Setting boundaries for birth

As I’ve mentioned before, I have a set of birth preferences for medical intervention during my labour and delivery. My husband and I also have set some boundaries with family and friends.

During labour, we really don’t want anyone with us except our doula. I’ve also decided that I may not let anyone know when I’ve gone into labour or headed to the hospital. My family can be quite overwhelming when there is excitement happening (translation: my dad will send 20 text messages in 5 minutes). I don’t want family distracting us and nagging for updates.

My MIL mentioned that she was willing to come and sit in the waiting room in Labour and Delivery to provide support to my husband. She didn’t realize we have a doula (which is a whole other topic), but my husband declined her offer.

I’ve always wanted my labour experience to be a special moment between my husband and I. Even before we started trying to conceive, I never envisioned having a friend or even my own mother there.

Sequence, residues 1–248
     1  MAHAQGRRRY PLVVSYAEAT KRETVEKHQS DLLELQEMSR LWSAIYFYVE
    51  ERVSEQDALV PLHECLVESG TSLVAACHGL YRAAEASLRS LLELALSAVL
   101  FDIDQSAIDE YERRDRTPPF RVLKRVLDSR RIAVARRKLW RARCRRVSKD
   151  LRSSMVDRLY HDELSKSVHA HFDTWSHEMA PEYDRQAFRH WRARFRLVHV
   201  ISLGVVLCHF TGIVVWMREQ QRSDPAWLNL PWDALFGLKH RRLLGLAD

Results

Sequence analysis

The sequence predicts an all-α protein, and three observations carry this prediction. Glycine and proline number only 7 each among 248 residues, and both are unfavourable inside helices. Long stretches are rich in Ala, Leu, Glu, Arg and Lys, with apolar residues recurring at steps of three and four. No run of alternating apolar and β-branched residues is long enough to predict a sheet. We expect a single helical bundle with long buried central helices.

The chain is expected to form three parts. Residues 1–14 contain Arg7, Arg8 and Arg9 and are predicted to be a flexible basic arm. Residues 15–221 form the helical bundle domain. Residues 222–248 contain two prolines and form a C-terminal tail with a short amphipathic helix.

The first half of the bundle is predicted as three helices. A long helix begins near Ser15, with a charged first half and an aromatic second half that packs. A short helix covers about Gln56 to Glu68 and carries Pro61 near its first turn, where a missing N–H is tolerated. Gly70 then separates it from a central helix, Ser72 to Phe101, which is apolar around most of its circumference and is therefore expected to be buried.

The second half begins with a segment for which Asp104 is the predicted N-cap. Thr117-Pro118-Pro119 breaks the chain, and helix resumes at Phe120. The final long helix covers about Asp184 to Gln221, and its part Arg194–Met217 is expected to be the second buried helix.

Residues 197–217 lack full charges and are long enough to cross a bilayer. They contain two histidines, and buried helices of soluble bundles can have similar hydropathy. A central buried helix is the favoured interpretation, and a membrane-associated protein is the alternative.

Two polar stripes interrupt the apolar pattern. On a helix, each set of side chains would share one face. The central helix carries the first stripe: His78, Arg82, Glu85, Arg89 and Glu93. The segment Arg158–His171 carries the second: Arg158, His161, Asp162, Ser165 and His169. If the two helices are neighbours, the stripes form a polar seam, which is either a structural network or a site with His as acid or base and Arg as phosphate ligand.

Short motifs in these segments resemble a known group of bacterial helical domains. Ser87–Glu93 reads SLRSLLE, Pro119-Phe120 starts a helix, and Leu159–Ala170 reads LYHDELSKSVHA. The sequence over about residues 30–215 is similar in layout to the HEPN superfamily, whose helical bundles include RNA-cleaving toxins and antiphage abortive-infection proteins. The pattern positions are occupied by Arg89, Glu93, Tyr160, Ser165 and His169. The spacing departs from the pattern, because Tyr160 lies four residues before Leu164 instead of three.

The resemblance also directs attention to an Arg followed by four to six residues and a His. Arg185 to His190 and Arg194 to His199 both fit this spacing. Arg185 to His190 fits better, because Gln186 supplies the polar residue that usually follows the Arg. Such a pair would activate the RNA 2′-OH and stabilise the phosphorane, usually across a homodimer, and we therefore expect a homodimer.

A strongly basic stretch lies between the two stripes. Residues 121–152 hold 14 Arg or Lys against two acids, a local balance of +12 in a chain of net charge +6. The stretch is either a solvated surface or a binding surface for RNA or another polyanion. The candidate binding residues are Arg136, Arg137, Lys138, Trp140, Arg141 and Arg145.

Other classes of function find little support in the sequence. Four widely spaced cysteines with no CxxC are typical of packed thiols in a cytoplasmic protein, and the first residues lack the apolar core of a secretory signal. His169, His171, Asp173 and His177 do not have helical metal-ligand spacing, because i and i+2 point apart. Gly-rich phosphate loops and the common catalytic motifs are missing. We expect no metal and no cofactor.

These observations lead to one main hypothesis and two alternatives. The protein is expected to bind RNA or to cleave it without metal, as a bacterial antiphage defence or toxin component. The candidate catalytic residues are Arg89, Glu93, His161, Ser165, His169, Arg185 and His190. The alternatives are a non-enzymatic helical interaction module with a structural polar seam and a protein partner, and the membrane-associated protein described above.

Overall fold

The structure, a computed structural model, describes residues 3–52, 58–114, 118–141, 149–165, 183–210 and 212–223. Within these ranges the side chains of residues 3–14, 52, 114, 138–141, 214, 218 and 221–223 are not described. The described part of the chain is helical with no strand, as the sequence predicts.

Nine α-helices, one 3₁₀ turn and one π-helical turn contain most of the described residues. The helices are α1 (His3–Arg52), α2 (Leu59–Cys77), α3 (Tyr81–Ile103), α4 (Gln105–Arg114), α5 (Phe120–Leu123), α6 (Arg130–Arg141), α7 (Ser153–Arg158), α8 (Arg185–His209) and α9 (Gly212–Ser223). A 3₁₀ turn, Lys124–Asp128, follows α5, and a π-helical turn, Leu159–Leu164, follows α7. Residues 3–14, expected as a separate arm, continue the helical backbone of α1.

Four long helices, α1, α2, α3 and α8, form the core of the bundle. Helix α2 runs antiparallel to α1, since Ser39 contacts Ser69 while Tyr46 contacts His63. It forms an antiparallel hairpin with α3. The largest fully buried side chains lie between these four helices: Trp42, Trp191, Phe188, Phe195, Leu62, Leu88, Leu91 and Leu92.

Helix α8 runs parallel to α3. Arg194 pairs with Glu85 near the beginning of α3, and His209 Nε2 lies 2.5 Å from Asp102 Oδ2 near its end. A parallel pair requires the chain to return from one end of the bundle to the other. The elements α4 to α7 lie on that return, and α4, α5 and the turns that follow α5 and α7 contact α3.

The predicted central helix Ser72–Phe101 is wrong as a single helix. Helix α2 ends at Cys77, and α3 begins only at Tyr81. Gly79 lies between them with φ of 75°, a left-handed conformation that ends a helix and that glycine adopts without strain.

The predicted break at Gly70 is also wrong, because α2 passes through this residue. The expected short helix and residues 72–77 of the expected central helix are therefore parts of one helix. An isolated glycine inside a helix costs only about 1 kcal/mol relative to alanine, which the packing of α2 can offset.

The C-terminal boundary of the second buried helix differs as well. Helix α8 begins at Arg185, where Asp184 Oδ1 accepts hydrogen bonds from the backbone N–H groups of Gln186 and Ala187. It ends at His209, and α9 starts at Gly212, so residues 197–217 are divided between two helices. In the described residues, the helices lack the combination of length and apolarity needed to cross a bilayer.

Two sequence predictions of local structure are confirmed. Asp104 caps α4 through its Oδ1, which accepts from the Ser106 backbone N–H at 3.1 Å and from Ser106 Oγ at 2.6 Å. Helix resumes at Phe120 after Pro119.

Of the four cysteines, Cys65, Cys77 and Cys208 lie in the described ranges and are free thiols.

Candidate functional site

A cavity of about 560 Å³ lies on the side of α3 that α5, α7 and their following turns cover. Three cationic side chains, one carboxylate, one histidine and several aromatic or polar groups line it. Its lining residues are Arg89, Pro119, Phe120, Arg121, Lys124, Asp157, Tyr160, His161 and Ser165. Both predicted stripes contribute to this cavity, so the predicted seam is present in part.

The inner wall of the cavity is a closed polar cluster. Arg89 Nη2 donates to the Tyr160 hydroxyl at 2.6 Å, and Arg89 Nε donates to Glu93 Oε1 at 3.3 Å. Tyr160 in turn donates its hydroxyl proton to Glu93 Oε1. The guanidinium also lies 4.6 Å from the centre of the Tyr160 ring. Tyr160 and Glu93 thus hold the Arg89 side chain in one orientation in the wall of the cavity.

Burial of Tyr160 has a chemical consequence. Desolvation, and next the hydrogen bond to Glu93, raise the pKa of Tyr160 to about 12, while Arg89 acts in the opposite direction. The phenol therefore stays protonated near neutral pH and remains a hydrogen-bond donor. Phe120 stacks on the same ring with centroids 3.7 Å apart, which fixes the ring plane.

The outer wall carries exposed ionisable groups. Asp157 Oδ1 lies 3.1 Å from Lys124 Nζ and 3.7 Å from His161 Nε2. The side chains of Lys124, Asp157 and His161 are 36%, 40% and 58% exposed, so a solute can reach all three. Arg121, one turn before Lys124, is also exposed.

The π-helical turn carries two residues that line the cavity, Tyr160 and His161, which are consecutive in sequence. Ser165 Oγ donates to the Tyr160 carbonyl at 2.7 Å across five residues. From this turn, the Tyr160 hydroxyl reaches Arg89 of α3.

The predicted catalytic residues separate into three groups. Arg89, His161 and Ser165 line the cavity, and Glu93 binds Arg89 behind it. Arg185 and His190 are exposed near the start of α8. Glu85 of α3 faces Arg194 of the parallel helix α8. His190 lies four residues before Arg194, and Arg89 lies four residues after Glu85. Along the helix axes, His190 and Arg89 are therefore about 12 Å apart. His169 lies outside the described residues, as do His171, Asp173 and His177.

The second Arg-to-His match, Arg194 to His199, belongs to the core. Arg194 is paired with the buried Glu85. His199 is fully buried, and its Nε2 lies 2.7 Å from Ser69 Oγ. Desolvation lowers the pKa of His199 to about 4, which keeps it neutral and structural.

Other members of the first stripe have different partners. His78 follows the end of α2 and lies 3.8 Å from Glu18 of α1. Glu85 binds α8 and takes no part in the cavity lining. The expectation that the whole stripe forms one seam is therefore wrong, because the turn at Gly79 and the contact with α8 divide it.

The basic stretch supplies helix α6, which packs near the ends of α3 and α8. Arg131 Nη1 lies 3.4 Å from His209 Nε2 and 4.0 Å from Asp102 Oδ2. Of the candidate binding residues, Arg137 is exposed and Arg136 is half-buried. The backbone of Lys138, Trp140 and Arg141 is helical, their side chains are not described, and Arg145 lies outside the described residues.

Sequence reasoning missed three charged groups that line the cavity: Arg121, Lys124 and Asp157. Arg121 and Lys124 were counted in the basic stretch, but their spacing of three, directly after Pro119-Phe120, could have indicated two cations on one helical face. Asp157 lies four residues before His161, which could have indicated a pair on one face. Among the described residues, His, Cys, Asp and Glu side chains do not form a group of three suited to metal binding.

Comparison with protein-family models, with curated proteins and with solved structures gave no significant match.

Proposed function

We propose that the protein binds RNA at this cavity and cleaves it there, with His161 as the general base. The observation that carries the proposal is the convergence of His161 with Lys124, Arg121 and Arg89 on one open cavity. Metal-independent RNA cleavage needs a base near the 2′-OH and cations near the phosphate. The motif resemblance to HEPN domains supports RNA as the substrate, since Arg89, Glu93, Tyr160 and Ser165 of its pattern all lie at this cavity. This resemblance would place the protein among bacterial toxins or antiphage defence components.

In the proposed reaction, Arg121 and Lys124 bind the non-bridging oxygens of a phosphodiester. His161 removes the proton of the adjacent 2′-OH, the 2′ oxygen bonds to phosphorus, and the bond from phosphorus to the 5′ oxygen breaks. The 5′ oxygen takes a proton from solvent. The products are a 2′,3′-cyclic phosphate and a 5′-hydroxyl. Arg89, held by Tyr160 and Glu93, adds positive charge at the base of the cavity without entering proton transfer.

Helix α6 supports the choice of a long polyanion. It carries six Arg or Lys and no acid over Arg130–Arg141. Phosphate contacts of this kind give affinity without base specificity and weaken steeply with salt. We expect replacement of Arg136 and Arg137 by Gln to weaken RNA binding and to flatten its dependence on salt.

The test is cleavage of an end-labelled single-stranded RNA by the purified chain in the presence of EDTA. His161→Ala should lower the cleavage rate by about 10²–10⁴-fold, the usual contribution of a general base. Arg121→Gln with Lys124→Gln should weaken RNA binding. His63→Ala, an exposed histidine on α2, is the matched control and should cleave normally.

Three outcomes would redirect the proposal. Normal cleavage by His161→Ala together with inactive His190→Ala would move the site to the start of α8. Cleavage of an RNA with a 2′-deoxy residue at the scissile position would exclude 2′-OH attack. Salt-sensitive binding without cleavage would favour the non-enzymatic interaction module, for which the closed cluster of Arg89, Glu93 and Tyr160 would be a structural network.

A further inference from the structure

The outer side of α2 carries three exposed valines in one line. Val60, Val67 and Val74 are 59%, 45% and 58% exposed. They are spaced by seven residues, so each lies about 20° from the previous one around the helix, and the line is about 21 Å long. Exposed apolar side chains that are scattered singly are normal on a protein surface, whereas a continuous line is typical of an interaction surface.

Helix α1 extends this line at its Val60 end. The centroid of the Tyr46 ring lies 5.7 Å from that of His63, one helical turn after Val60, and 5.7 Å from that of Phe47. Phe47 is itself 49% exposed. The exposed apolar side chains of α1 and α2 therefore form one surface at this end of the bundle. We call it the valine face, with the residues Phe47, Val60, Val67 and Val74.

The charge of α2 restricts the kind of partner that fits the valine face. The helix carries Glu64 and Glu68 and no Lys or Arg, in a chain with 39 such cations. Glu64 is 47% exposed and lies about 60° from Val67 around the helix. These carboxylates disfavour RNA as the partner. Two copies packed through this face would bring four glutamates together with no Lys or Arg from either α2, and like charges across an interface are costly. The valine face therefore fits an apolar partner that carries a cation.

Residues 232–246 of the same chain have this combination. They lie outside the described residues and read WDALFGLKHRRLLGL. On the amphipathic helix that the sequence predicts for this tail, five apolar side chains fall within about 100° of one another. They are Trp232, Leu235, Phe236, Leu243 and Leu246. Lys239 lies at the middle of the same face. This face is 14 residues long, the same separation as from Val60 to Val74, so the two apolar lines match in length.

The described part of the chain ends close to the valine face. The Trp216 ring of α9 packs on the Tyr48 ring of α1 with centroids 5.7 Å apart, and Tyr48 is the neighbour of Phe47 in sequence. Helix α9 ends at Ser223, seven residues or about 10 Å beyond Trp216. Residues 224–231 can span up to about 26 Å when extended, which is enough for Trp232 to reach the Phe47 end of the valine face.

As for visitation after birth, we aren’t sure if we will allow visitors at the hospital. If all goes well, we hope to be discharged within 24 hours. We’ d like to take that time as a family to bond with our son, get started comfortably with breastfeeding and prepare for coming home.

Right now, we’ve told local family and friends that we will let them know when they can come meet the baby, but that it may not be until we are settled at home. My husband is a bit worried that a few people may just show up. I agree with him that if we aren’t allowing his parents to see the baby right away that we shouldn’t allow anyone else to either. I just hope that people respect our wishes and we will be communicating them to the nursing staff.